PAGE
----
The critique of AAP’s lack of an ideology has so far come from the right and the left and the centre of the right political parties and the so called intellectuals affiliated to those parties. And their criticism smacks of the ire on the AAP’s phenomenal success which thwarted the calculations of the corporate servile BJP, Congress and the conventional Left parties.
        Kancha Ilaiah’s brilliant analysis shows that AAP can usher in no farfetched and comprehensive social changes by concentrating only on corruption. Corruption is not the disease; it is only one of the many symptoms of a vicious. AAP should formulate an ideology which should have neither right nor (the conventional) left orientation, but gender-sensitive, environment-friendly, pro-poor anti-corporate and anti-caste (and even anti-religious). Without such an ideological framework, the grand success of the new outfit will end as an ephemeral phenomenon.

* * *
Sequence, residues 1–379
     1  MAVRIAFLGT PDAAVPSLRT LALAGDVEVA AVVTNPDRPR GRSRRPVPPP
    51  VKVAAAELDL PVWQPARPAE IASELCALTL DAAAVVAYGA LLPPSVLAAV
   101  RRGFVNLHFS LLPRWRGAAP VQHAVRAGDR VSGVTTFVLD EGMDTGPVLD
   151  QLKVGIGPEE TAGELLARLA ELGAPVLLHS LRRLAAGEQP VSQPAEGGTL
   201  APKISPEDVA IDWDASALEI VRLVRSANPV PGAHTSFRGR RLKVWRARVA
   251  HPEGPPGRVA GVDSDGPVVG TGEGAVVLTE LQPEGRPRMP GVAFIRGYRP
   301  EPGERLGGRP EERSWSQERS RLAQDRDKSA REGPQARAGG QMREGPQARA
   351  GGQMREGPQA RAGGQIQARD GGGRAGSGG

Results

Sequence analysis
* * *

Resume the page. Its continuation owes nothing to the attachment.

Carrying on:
The dire need of the time is a progressive ideology which is against the so called progress and development of the nation at the cost of its environment, the poor, the farmers and the females.

        Very well written article by

        Shweta

        18 Jan 2014 - 03:28

        Very well written article by Mr. Kancha Ilaiah. The part about not touching the basic issues and not considering the historical and social context of corruption is an aspect that most of the people are ignoring.
        I do not doubt the intentions of Mr. Kejriwal. But if he really wants his "movement" for social and political change to be what he intends it to be, he must aim to work on the social fabric of the society first, before he starts polishing the surface. He needs to study the historical context of the very problems he wants to uproot from the system.

        The question of woman in

        kameswara rao

        17 Jan 2014 - 12:49